By Barbara Starr
A U.S. military strike in southern Somalia Sunday was targeting Ahmed Abdi Godane, the leader of Al-Shabaab, the Somali-based group with ties to al Qaeda, according to three US officials.
A drone operated by the U.S. Defense Department fired a Hellfire missile at a vehicle killing those inside, the officials said. But as of Tuesday, the Pentagon was unable to confirm whether Godane was killed, although he was the intended target.
The military was authorized to try to kill Godane because of current intelligence indicating he posed an "imminent threat" against U.S. interests in the region, one official said.
"We have to be able to prove he was in the process of planning additional attacks," the official said. The official would not elaborate on what the intelligence might be.FULL STORY
By Barbara Starr
Top U.S. and Russian military officials on Tuesday discussed the potential for the United States to share high-tech equipment to counter any use of improvised explosives by terrorists during the Sochi Olympics, a U.S. official told CNN.
Joint Chiefs Chairman Gen. Martin Dempsey and his Russian counterpart, Gen. Valery Gerasimov, met in Brussels, Dempsey spokesman Col. Edward Thomas said.
By Jill Dougherty
The Sochi Olympics have become the "Holy Grail" for terrorists, experts on Russia say, and they don't even have to attack the Games directly to claim success.
"You don't necessarily have to hit Sochi to spoil the Games," says Andrew Kuchins of the Center for Strategic & International Studies. "A series of Volgograd-caliber attacks would virtually terrorize all of Russia."
By Lateef Mungin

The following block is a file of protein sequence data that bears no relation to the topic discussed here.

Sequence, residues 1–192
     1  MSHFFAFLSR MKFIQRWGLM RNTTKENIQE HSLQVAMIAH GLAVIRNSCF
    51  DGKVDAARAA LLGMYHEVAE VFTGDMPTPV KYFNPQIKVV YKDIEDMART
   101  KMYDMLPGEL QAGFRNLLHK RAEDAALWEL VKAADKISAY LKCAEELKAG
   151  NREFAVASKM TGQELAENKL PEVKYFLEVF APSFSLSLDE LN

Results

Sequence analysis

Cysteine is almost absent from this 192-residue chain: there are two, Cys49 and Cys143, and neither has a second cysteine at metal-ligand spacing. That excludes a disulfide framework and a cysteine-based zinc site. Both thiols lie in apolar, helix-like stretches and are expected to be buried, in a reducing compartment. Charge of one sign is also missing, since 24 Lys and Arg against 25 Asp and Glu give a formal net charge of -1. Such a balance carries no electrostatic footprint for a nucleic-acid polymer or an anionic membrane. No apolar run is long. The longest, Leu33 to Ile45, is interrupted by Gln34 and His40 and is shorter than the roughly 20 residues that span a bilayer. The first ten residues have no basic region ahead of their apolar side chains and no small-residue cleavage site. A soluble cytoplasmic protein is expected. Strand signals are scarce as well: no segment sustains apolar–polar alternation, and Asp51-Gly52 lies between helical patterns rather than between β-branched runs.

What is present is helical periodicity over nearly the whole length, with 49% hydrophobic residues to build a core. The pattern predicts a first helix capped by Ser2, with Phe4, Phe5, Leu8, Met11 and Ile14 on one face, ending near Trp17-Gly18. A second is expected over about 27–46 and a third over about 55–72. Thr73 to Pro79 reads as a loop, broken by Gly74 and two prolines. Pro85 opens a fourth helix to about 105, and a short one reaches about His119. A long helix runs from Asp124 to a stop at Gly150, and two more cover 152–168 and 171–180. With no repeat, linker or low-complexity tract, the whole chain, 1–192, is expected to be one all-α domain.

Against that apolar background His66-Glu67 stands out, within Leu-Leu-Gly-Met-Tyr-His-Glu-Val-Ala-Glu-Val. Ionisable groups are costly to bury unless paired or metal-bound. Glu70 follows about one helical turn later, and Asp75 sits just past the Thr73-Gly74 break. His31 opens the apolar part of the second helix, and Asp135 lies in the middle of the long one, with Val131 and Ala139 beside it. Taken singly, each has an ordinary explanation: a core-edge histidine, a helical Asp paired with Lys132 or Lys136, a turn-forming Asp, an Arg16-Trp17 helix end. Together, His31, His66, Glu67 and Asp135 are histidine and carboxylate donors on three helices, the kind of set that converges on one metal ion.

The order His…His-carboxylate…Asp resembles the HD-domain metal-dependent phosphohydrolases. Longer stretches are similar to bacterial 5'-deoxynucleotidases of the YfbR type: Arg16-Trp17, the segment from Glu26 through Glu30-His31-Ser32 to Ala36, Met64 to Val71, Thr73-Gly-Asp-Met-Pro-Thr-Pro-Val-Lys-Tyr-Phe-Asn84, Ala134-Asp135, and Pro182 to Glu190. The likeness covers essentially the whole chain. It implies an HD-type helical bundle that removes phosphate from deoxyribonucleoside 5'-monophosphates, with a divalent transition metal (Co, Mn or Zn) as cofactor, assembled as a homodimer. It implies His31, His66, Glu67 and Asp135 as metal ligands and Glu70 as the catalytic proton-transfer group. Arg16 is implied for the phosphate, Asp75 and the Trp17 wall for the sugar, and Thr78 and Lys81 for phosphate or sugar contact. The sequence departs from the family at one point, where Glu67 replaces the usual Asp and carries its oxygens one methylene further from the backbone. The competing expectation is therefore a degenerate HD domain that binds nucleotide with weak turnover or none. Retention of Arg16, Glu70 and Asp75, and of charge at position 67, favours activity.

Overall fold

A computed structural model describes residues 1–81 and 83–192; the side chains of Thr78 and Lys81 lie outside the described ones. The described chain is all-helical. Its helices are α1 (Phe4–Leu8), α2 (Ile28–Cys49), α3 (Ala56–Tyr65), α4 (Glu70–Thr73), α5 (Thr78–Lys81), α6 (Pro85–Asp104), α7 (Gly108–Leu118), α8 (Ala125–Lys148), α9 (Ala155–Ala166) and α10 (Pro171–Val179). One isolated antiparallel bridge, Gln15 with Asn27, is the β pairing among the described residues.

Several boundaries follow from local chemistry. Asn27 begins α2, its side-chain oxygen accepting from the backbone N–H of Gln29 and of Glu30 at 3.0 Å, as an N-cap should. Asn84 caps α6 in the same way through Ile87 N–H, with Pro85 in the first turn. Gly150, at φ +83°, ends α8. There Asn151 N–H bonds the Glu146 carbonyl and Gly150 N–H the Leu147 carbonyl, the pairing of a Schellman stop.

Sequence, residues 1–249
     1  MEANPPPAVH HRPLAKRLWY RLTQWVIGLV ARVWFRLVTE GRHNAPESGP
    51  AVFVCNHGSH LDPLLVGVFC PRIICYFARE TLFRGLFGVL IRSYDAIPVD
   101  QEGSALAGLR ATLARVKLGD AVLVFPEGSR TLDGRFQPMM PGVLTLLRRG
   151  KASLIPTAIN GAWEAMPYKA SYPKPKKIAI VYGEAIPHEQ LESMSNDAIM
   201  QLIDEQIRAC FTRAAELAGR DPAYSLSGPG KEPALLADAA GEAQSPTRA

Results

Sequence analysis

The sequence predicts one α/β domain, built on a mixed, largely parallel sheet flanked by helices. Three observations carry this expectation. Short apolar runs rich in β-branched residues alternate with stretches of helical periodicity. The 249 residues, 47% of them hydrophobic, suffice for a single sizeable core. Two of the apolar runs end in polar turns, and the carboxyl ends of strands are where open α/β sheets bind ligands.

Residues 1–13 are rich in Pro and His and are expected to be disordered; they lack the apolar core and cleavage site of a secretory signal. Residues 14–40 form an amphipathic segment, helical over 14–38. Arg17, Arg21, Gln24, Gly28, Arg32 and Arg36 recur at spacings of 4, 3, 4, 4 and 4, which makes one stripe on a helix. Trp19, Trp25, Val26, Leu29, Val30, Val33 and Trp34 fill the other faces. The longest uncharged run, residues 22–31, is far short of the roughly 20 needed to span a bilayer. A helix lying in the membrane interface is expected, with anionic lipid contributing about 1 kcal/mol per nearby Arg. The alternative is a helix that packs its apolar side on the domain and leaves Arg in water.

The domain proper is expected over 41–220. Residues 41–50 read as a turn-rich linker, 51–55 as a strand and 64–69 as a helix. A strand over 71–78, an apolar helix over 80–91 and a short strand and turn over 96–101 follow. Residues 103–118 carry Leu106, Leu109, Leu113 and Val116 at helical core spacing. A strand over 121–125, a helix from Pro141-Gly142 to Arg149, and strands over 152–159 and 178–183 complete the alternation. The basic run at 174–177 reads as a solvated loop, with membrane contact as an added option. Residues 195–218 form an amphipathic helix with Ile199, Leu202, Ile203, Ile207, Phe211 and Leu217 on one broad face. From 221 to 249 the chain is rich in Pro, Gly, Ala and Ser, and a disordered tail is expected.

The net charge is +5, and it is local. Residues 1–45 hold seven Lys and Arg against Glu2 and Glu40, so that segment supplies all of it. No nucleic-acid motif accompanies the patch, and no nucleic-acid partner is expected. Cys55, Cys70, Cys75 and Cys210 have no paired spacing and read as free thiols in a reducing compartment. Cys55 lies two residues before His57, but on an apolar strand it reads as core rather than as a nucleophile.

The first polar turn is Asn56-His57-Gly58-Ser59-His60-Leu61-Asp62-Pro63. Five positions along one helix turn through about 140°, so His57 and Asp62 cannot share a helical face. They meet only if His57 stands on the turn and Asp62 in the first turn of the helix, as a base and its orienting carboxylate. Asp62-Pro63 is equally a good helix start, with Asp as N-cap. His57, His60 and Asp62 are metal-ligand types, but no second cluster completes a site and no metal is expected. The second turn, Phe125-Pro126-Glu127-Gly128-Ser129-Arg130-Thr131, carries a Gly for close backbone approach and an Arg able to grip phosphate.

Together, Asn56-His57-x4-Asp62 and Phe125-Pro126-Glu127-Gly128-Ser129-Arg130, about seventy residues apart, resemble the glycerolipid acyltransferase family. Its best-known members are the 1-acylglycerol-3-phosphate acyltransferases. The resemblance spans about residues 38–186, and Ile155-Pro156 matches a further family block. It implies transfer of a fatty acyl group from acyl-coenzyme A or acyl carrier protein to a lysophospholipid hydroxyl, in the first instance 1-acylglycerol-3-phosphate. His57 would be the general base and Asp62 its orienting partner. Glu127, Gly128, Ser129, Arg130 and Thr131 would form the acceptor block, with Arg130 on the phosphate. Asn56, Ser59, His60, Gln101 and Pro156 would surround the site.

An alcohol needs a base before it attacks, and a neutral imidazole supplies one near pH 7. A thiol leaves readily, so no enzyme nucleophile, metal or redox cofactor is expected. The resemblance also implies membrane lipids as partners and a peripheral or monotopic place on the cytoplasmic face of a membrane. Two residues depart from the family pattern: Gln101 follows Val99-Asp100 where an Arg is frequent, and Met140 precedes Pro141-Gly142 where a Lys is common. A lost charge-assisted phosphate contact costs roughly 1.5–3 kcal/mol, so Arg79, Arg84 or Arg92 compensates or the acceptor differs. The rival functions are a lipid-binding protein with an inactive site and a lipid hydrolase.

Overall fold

Two car bombs targeting Christians killed at least 38 people in southern Baghdad on Christmas.
In Afghanistan, two rounds of "indirect fire" hit the U.S. Embassy compound in Kabul, but no one was hurt.
The incidents highlight the security challenges with which both Iraq and Afghanistan are grappling.
Both countries have had a heavy U.S. military presence until recently.
The departure of U.S. forces from Iraq has done little to curb the near-daily cycle of violence. In Afghanistan, U.S. and Afghan officials are working on an important security pact to outline the future of American troops in Afghanistan.FULL STORY
By Paul Cruickshank
Intelligence committee leaders in Congress warn that al Qaeda's network has strengthened over the past two years, creating new concern over the terrorist threat to the U.S. homeland.
Sen. Dianne Feinstein, D-California, and Rep. Mike Rogers, R-Michigan, said on CNN's "State of the Union" on Sunday that the United States was no safer today than in 2011, despite the death of Osama bin Laden and the removal of senior al Qaeda operatives in drone strikes.
Their warning reflects growing concern among Western intelligence agencies about al Qaeda's growing strength in the Arab world.
While al Qaeda and groups that link to it have suffered setbacks in the Afghanistan-Pakistan border region, Somalia, Mali and other "Jihadist fronts," al Qaeda has taken advantage of the political turmoil caused by the Arab Spring to build its operations across North Africa and the Eastern Mediterranean.
By Barbara Starr
In the hours before the 2011 raid that killed al Qaeda leader Osama bin Laden in Pakistan, the CIA delivered a final, crucial 66-page document to the White House.